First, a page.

Platograph App for iOS

Platographs are a style of photo that appear to have constantly moving parts. Inspired by cinemagraphs, which are created by taking a video and masking certain parts to remain static, Platagraphs use software to create the illusion of motion from a static photograph. I first heard about Platographs a few years back, but the subscription based service was over $300 a year without any trial versions. Recently, Platograph released a Platograph app for iOS at a much more reasonable price, so I thought I’d finally try it out.

The app is similar to many other photography apps, where you pick a photo and draw a mask on it, then you drop tiny arrows to indicate which direction you’d like parts of the photo to move. The masked area will remain static, while the rest of the image appears to move. Drawing these masks was the most frustrating part of the process. The mask shows up as a grey, which is often hard to see on images of skies or fog. It’s also really hard to really get in tight with your mask because the image doesn’t zoom in enough. I was hoping this app would allow you draw near an object, then the software would autodetect edges to speed up the process, hopefully this will come later. There is also no way to soften the edges of your mask, so there are often very clear areas where the static image hits the moving sets. For skies, trees, or fog, it sure would be fun to have those animations blend into the static parts of an image.

After you preview your image, there are several options for exporting your video to Twitter, Instagram, or whatever. Unfortunately, there are no gif export options. So I exported each of these as the “platograph” setting, which is the shortest video export, then emailed them to my laptop. I saved them to my desktop, converted them in Gif Brewery 3, then compressed them in That’s a ton of work, but a 1.5mg video quickly becomes a 8mg gif, which can often get trimmed back down to 2mgs with a good compressor. I sure wish that whole process was a little more streamlined.

After seeing a bunch of Platographs online this past year, I already had a pretty good idea for what kind of photos would work best with the effect. Waves, fog, skylines, and clouds are all good candidates, but you still want to avoid images that might be hard to mask out. There were quite a few photos I expected to love, that never really looked right with the effect. There are a few photos, however, that really came alive with Platograph. As far as my own style goes, I really enjoyed using the app in subtle ways, like on a small wisp of clouds through the eye of an ice cave. The effect isn’t always organic, so the more subtle the better.

Enough talking, here’s a bunch of beautiful gifs, all shot on an iPhone then processed with the Platograph app. Which ones are your favorites?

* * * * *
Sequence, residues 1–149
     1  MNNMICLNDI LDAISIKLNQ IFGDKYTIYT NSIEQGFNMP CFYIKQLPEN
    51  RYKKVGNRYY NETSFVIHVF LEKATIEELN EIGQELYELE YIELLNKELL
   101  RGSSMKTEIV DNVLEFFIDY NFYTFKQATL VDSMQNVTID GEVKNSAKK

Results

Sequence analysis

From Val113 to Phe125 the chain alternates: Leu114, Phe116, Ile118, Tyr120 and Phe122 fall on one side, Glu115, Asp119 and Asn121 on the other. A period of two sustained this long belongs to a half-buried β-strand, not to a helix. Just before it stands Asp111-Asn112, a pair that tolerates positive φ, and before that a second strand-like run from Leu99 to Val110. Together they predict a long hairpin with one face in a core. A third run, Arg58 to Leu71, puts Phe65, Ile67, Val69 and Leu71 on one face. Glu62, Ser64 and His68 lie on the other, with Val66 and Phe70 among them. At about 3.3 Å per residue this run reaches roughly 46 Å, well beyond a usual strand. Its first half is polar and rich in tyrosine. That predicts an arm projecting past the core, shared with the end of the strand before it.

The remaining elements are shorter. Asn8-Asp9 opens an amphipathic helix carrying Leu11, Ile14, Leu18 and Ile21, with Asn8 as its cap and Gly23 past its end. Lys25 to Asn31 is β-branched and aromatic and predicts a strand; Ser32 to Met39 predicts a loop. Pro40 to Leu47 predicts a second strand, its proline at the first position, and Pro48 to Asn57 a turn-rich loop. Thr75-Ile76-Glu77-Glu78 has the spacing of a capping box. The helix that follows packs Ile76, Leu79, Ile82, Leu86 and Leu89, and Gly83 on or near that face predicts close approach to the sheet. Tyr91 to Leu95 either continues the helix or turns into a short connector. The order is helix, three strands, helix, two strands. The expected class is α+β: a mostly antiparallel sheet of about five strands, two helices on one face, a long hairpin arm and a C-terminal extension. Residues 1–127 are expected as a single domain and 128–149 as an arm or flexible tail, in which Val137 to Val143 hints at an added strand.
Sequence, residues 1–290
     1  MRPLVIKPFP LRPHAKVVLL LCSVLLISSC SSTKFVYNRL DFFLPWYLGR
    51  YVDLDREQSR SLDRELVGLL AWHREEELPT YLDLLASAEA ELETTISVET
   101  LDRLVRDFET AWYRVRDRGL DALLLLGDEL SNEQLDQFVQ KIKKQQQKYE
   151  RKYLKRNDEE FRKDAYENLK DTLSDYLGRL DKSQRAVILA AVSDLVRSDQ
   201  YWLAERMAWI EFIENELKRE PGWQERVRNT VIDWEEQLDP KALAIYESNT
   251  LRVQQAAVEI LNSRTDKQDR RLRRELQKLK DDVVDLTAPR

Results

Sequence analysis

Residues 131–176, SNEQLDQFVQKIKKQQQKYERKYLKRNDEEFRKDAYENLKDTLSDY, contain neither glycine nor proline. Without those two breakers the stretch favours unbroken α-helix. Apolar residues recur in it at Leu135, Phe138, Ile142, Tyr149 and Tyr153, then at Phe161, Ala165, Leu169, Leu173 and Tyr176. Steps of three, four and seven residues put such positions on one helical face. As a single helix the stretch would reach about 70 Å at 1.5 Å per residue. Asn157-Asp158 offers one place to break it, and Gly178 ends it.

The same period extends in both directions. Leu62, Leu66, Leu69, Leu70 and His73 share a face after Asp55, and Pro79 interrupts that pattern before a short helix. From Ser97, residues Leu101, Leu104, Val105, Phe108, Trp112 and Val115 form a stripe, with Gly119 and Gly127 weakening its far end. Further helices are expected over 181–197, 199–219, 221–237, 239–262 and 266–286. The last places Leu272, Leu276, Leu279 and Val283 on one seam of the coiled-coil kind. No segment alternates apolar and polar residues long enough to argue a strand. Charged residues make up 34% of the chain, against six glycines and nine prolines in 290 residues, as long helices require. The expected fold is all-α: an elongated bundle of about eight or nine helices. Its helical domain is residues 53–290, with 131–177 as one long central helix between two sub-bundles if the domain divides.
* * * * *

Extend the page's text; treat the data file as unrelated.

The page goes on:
An impromptu interview with John Law high atop the Oakland Tribune Tower

John Law is an interesting dude with one of the most interesting office spaces in the Bay Area. Though known mainly for his work with The Cacophony Society, Burning Man, and SantaCon, John has had a long career as a neon sign technician. His sign work includes regular clients like the Ferry Building, Hill Bros Coffee, and The Tribune Tower.

I visited John’s office high atop the Tribune Tower and shot a short interview with him about his love of the Tribune Tower and how his neon sign work led to him getting an unusual office at the very top of the building.


Benny Gold’s Cracked iPhone Wallpaper

Benny Bent Phone

When Christine cracked her Android screen last year, I took some shots and turned them into a fantastic wallpaper (which you can download here free). So when my buddy Benny Gold showed me his cracked iPhone screen, I snapped some quick shots to do it all again. You can download the large version of this wallpaper here, and it should be usable for most mobile devices.

If there are any specific requests, leave them in the comments below and I’ll try to hook you up. Bonus points if you research the dimensions in advance, so I don’t have to. ie “iPhone 7+ (1080pxl x 1920pxl)

Benny's broken phone


What Apple Could Learn From Nintendo’s Headphone Mistake

Nintendo removed the headphone jack on the GBA SP 13 years ago and I still haven’t forgiven them for it. Compared to the Game Boy Advance (or GBA), the SP had rechargeable batteries, a bigger and brighter screen, and felt great in your hands. It should have been the greatest handheld gaming unit of it’s time, but it lacked one key thing… a headphone jack.